Make sure your resume doesn’t cost you a job

Many a night’s sleep has been lost worrying about an upcoming job interview. Questions like “Will I make a good impression?” or “Am I qualified for the job?” can make for a restless night’s sleep on the eve before a job interview.

Writing a resume is another aspect of the job hunt that can stoke your nerves. Men and women may pour over job timelines and skill summaries for hours in an effort to ensure they have included the right mix of information to get noticed.

Though resume writing has changed considerably over the years, some conventional wisdom about resumes still prevails, and how closely potential applicants adhere to these rules goes a long way toward determining if they earn a chance at an interview.

• Me, myself and I: While the resume should showcase your professional accomplishments, it also should showcase how your skills relate to the job you’re applying for. This way the company understands you have researched the position and are in tune with what they’re looking for in an applicant.

• One document for all responses: A resume is not a static document. It needs to change depending on the job you’re applying to. Although there will be certain information that can remain the same, update the skills and other information based on each position.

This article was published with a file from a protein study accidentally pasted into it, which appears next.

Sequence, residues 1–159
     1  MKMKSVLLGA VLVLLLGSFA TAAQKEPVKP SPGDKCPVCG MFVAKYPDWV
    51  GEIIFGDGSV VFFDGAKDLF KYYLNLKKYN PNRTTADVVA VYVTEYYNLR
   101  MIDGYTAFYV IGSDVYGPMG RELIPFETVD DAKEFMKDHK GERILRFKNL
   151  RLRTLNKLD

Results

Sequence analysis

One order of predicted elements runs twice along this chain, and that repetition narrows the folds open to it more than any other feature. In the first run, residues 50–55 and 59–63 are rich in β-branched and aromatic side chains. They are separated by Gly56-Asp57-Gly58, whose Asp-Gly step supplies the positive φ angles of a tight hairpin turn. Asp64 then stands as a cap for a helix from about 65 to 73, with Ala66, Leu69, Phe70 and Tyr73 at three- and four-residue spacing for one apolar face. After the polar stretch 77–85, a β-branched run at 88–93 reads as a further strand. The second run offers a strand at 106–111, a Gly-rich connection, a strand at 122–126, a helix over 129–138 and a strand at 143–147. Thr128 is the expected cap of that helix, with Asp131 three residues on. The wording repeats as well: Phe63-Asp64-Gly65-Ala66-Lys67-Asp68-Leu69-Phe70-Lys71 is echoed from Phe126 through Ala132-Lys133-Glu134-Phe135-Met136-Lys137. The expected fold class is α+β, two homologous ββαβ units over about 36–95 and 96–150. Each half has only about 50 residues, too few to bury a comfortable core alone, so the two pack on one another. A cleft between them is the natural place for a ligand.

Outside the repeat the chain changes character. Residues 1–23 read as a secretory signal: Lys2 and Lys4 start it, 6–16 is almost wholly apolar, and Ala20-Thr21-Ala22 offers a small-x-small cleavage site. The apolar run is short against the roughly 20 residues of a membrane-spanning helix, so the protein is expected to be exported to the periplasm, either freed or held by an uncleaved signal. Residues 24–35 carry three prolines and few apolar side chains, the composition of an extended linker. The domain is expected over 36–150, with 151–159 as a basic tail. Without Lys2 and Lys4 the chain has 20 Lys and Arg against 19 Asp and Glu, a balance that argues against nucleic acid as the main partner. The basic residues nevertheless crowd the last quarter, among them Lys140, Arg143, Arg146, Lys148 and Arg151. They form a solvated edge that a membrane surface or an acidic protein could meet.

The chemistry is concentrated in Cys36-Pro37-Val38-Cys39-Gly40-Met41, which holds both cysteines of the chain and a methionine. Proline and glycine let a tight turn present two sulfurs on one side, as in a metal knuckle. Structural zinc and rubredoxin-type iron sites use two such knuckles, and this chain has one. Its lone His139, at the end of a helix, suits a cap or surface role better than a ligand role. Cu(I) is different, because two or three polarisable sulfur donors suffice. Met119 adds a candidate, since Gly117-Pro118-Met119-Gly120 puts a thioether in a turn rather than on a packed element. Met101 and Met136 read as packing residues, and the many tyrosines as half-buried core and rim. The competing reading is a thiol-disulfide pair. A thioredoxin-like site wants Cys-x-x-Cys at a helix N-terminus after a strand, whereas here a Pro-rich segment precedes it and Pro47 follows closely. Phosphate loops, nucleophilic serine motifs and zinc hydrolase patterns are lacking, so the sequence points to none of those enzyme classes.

• One page is best: Applicants were long told to keep their resumes concise, limiting the document to just one page. However, if your experience is extensive or one page cannot contain a long job history, don’t be afraid to submit a two-page resume.

• Failing to be selective: You need not include your entire job history on a resume, especially if certain past positions you have held are completely irrelevant to the position for which you are applying. Don’t be afraid of job gaps, either. Many of today’s recruiters understand that the changing economy can make it challenging to maintain steady employment.

• Overembellishment: Do not embellish your skills. Always be open and honest on your resume. You may be asked to prove you can perform certain tasks, and if you cannot back up what is included on a resume, you will have wasted your time and the time the interviewer spent discussing his company’s opening with you.

• Imperfections: A resume is a reflection of you, so one with typographical errors or a poor layout is never acceptable. Ensure your resume is as professional and error-free as possible. Have a friend or a proofreader look it over before distributing.

• Paid positions: Internships or volunteer work are perfectly acceptable to include on a resume, particularly for younger applicants who may not have a wealth of professional experience. Include a mix of information on the resume that will reflect your versatility.

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